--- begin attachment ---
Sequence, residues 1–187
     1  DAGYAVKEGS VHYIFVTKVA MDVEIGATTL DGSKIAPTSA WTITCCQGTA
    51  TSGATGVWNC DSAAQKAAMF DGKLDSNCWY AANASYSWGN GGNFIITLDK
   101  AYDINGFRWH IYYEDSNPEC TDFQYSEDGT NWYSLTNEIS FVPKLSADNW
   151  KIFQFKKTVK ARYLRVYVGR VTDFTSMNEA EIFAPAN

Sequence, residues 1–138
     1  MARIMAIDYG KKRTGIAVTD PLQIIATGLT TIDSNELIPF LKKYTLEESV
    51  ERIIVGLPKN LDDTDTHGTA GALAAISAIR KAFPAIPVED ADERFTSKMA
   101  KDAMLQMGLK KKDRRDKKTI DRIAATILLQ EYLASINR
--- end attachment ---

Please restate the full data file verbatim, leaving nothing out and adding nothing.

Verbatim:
Sequence, residues 1–187
     1  DAGYAVKEGS VHYIFVTKVA MDVEIGATTL DGSKIAPTSA WTITCCQGTA
    51  TSGATGVWNC DSAAQKAAMF DGKLDSNCWY AANASYSWGN GGNFIITLDK
   101  AYDINGFRWH IYYEDSNPEC TDFQYSEDGT NWYSLTNEIS FVPKLSADNW
   151  KIFQFKKTVK ARYLRVYVGR VTDFTSMNEA EIFAPAN

Sequence, residues 1–138
     1  MARIMAIDYG KKRTGIAVTD PLQIIATGLT TIDSNELIPF LKKYTLEESV
    51  ERIIVGLPKN LDDTDTHGTA GALAAISAIR KAFPAIPVED ADERFTSKMA
   101  KDAMLQMGLK KKDRRDKKTI DRIAATILLQ EYLASINR